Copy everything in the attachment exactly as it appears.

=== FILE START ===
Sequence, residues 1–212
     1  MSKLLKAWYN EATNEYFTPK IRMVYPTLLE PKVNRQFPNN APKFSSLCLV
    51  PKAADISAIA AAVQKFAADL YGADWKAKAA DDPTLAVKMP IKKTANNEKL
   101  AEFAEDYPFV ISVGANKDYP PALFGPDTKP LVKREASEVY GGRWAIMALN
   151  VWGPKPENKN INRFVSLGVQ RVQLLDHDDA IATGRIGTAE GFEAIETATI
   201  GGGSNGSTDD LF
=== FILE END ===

Sequence, residues 1–212
     1  MSKLLKAWYN EATNEYFTPK IRMVYPTLLE PKVNRQFPNN APKFSSLCLV
    51  PKAADISAIA AAVQKFAADL YGADWKAKAA DDPTLAVKMP IKKTANNEKL
   101  AEFAEDYPFV ISVGANKDYP PALFGPDTKP LVKREASEVY GGRWAIMALN
   151  VWGPKPENKN INRFVSLGVQ RVQLLDHDDA IATGRIGTAE GFEAIETATI
   201  GGGSNGSTDD LF